Beyond Kodak

Rochester flexes news, ad muscle
Author:
Publish date:
Social count:
0

Rochester, N.Y., has redefined itself. Kodak and Xerox used to be the
centerpieces of its economy, but with manufacturing jobs dwindling, “small
businesses and universities are stepping up,” says Marc Jaromin, VP and GM of
Nexstar Broadcasting's CBS affiliate WROC.

Local broadcasters have also survived Rochester's business
fluctuations.

As a solidly blue state, New York didn't get a big infusion of
political monies, but station execs project that Rochester's advertising
market will finish 2004 up slightly from 2003.

“No matter what you do to Rochester, the market always ends up two or
three percentage points,” says Jaromin, adding that late-fourth-quarter
retail spending is helping this year. For example, Kohl's department store
has opened several stores in the market, prompting competitors like Bon Ton to
buy ad time.

“We perform better than our market size,” says Arnold Klinsky, VP
and GM of WHEC, the Hubbard Broadcasting-owned NBC affiliate. Indeed, while
Rochester is the 75th-largest DMA, it ranks 65th in TV revenue. Rochester
stations, which also include Sinclair Broadcasting's Fox affiliate WUHF and
Clear Channel's ABC affiliate WOKR, will take in an estimated $73.2 million
in revenue this year, according to BIA Financial Network.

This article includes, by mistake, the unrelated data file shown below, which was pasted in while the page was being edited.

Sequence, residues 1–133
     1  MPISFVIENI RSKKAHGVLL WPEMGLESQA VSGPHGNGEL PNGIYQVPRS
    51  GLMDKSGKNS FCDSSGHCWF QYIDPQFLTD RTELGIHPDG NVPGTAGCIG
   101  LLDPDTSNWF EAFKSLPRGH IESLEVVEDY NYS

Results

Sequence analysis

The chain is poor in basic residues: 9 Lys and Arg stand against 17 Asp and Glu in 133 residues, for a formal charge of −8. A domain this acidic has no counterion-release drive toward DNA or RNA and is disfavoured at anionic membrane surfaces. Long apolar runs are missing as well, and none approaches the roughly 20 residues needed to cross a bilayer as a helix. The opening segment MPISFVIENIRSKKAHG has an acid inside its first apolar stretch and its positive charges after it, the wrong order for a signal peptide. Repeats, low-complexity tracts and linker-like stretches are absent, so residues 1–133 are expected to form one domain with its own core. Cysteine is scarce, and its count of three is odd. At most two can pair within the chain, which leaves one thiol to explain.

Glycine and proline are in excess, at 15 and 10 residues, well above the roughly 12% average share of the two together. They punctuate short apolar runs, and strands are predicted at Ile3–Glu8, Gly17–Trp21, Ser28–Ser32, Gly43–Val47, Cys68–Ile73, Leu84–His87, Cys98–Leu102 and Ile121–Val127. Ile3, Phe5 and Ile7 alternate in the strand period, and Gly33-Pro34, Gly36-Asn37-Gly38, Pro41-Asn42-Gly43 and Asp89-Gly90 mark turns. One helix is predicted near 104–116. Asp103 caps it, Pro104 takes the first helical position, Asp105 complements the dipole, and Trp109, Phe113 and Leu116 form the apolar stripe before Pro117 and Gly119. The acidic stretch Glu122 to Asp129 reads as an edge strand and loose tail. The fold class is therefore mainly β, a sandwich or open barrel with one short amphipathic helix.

Among local broadcasters, the news race is heating up. All four network
affiliates offer news. While WOKR is typically the highest-rated, its rivals
are close on its heels; WHEC and WROC are within a rating point or two.

WOKR is about to undergo a call-letter change. Clear Channel owns a
news-and-talk AM station in the market called WHAM and, come January, will
relaunch WOKR as WHAM-TV. “We have been working closely with them,” says
Kent Beckwith, VP and GM of WOKR, “and it makes a lot of sense to be
identified together.”

Time Warner Cable is the market's dominant cable operator. It runs R
News, a 24-hour regional news channel piped into about 300,000 cable homes in
11 area counties.

Jaromin is optimistic about the future, since Rochester survived the
seismic shift from a manufacturing to a niche economy. Although big
corporations are still key, companies with 150-250 staffers now play a
prominent role. And area universities, led by the University of Rochester, have
emerged as research hubs and major employers. Says Jaromin, “There seems to
be light at the end of the tunnel.”

Related